Wednesday, March 11, 2009

How Many More Shoes to Drop in Construction Money Scandal?

If there’s one Japanese-language news item to read today on the unfolding construction money scandal, it’s this one. According to the Asahi report, there is a document (or documents) that shows four general contractors (Shimizu Corporation, Obayashi, Taisei Corporation, and Toda Corporation) in addition to Nishimatsu Construction Co. giving money through subcontractors and other means to the “Ozawa side”—the media’s term for the trio of: Ichiro Ozawa’s political finance management organization, the DPJ local chapter for the Iwate Prefecture Fourth District (Ozawa’s electoral district), and the DPJ’s Iwate Prefecture association of local chapters. The source (sources?) claims that the money flowing from the five zenecon to the Ozawa side amount to about 100 million yen annually and that the Public Prosecutors Office is aware of the document(s). All the other media outlets must be scrambling furiously to follow this story. Now if you think this is bad for Ozawa…

Public works are the Ichor of economies and politics, local and national; As such, it was always doubtful that Nishimatsu was the only zenecon that would take a proprietary interest in the financial well-being of the “Ozawa side”, or that the zenekon’s interests would all be focused on the “Ozawa side”. Moreover, as an industry long used to “competing and collaborating (競争と協調)”—over the years, they have provided the stage for a long-running, whack-a-mole saga of collusion scandals—it was always likely that as one led, others would follow; and that this pattern would be repeated to no end. In any case, the PPO got a foot in the door by way of Nishimatsu, got the Nishimatsu people talking, got to look at the Nishimatsu books, and as the result is now able to broaden the scope of their investigation. I expect the PPO to begin looking into the other four zenekons, talking to their people, examining their books, to see what they reveal.

Ladies and gentlemen, the cancer has metastasized. The story is no longer (if it ever was) Nishimatsu, no longer Ozawa, no longer even the DPJ/Ozawa-LDP/Nikai Mexican standoff; it’s the whole shebang.

2 comments:

Janne Morén said...

And so we may see another healthy bump for the party of "None of the above"?

One thing I'm a little confused about: if there's one thing that's actually well known about Japanese politics outside the country, it's the construction company - politician - campaign fund donations angle. I have the subjective impression of thsi being a constant, ongoing, neverending string of revelations over many years.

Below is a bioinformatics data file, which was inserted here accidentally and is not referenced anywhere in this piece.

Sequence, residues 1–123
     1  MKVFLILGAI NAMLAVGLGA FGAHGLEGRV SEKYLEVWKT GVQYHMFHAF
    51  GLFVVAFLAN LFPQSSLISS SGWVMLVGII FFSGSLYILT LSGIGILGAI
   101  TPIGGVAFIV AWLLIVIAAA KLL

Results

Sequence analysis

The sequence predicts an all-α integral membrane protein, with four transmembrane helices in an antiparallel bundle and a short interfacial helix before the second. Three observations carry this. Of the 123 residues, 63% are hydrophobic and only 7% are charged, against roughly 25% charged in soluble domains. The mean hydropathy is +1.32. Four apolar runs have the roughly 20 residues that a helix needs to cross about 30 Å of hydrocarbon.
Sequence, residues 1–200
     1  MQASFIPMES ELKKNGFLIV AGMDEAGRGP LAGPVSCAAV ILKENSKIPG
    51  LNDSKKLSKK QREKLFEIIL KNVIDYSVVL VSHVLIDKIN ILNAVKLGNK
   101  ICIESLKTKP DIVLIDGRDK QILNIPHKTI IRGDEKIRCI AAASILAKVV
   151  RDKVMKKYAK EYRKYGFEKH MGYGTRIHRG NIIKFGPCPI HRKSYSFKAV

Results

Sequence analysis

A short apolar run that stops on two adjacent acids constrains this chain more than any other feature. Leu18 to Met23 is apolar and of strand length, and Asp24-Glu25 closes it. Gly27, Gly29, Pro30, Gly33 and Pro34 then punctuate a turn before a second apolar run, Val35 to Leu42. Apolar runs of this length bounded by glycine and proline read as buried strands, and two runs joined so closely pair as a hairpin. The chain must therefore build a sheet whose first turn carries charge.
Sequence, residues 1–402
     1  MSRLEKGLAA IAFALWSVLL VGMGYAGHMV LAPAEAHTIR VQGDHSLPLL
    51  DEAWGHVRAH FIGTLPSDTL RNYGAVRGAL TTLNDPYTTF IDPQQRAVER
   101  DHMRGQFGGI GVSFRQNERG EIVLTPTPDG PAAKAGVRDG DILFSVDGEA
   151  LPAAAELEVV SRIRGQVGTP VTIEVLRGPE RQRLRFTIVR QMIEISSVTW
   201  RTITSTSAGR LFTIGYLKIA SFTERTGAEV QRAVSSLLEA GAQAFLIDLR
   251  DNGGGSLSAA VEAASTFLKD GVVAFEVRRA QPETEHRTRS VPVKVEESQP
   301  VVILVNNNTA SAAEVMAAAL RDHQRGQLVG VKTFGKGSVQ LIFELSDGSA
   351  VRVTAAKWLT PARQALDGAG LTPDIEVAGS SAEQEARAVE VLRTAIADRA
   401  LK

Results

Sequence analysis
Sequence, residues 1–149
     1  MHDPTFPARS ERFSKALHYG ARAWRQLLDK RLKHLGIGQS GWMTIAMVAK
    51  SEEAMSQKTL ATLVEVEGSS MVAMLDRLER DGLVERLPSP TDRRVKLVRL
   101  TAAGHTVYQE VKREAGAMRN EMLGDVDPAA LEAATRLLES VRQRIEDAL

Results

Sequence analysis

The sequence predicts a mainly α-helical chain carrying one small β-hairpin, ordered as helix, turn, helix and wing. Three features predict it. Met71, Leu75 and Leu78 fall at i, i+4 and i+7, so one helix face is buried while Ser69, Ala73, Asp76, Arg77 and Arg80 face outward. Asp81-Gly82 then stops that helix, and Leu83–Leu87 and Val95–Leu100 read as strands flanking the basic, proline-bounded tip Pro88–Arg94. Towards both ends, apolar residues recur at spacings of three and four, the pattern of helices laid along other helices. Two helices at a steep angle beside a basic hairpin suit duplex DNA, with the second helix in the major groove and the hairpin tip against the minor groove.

So what is it that makes this one special? Is it larger or more brazen than usual, or is it mostly a matter of timing, with a crucial, wide-open election looming that makes it such big news?

Jun Okumura said...

Janne: As construction money scandals go, this is actually pretty mild. So far, there have been no accusations of bribery, and I will be very surprised if there are any such indictments. (Ozawa is now banking on that to enable him to keep his place at the top of the DPJ. Incidentally, there are two laws, one essentially mostly to do with the acts of public servants and another dealing exclusively with Diet members and their public-appointment secretaries.) So it’s obviously the timing—that and Ozawa’s name—that is driving the story. But as more and more zenekons and politicians are implicated, a general pall is likely to spread across the political spectrum but particularly on the LDP. I think that we’re already beginning to see the effects in the greater care that both sides are exercising in speaking out against each other while piling on in unison on the hapless bureaucrat who has learned the limits of “off-the-record” protection the hard way. Of course it’s not difficult for the media and the public to continue connecting the dots, and one possible outcome of the increased sizzle is some form of political financing reform that plugs loopholes (don’t hold your breath waiting for that one though) or at least brings greater transparency to corporate contributions.

More effective, though, may be an acceleration of a long-term shift away from zenekon money. There’s less money there as public works budgets, national and local, have shrunk dramatically. All but one of the names I’ve seen being floated in the Nishimatsu case as recipients (LDP— Koji Omi (76), Tokio Kano (74),Yoshiro Mori (71), and Toshihiro Nikai (70), though Shunichi Yamaguchi (59); DPJ—Ichiro Ozawa (66), and Kenji Yamaoka(65)) are in their sixties and seventies. There is some other anecdotal evidence that younger politicians are less reliant on those sources, Mix that in with two now evenly matched contestants vying for the media and the electorate’s favor and, though it may be wishful thinking on my part, this could be the event that finally pushes the generational shift whose immediate prospects up till now have appeared pretty bleak beyond the tipping point.

In the meantime, yes, I’m putting a “buy” recommendation on “none of the above”.